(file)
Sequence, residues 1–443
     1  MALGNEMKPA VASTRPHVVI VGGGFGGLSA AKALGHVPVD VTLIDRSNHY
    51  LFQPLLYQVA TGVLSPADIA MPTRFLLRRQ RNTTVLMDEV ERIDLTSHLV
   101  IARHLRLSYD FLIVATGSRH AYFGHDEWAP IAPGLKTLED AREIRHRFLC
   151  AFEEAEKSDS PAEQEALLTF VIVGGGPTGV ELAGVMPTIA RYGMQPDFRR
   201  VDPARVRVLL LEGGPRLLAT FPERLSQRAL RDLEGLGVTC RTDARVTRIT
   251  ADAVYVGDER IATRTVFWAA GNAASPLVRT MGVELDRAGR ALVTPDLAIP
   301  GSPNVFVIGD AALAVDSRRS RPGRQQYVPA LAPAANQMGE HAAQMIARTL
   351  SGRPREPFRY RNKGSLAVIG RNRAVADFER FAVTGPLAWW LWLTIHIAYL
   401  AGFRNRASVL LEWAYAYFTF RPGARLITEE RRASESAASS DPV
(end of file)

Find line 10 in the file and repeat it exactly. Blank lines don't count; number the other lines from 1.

   401  AGFRNRASVL LEWAYAYFTF RPGARLITEE RRASESAASS DPV